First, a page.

The menu here mirrors Dominick's in many ways, offering traditional but pricey steakhouse fare: USDA grade prime cuts, wet-aged for 28 days and butchered in-house. Chef Geoff Baumberger's signature spice rub and nicely charred crust elevate standard cuts of meat, but elsewhere, Baumberger either under-spices or over-auces his food.
On that first visit, I was promised warm herbed Parmesan rolls, which (20 minutes later, when I asked after them) arrived piping hot in a cast-iron skillet. They were gorgeous, light, and fluffy but somehow were completely bereft of any distinctive flavor. Starters also were neatly presented but largely unexciting. The beet salad is lovely to look at, its red and gold beets carefully arranged and dotted with goat cheese and a nice crunch of pistachios. Yet these sturdy ingredients, tossed in a lightly sweet dressing, lack any real pizzazz. Panko-encrusted fried deviled eggs also combine several elements and temperatures that somehow result in an oddly humdrum whole. The crab and avocado stack, one of the more exciting-sounding starters, turned out to be yet another simple affair, heavy on avocado and crispy wonton, with very little shellfish flavor.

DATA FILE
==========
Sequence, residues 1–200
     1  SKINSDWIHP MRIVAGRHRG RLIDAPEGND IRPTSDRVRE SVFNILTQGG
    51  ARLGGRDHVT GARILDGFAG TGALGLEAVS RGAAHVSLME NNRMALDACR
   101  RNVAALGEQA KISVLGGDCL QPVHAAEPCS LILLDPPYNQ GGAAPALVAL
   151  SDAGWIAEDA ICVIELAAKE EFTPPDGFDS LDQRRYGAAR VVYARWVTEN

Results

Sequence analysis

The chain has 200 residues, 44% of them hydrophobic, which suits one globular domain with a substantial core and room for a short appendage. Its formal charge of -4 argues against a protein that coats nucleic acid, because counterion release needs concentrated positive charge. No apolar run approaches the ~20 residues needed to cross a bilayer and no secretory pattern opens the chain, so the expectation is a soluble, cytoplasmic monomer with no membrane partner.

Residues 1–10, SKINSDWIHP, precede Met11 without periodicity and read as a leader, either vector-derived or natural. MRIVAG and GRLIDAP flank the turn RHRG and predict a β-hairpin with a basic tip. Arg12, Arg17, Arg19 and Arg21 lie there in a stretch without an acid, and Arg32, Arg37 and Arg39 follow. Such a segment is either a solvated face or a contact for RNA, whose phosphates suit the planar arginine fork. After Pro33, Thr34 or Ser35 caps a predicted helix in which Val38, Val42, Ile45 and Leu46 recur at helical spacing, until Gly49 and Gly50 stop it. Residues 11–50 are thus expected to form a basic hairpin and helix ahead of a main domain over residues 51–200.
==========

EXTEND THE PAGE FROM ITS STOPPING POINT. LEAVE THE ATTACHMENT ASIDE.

I can never resist meatloaf on any menu, but at Steak 44 I found myself wishing I had. The dense, thick-cut loaf was made from ground ribeye, filet mignon, and pork, none of which I could properly taste thanks to an overpowering, super-salty bordelaise sauce. The bordelaise worked better with the bone-in short rib, which was nicely charred and offered a deeper flavor. Chicken Francese was tender and lightly sautéed in chardonnay and lemon butter.
It's ironic and disappointing that an upscale steakhouse wins big with seafood entrées and falls so flat on steak. An order of New Bedford sea scallops, cooked in white wine, were tender and buttery with a crisp char on the outside. Maryland style lump crab cakes had a nice crunch, too, and were moist on the inside and snappy with Old Bay seasoning.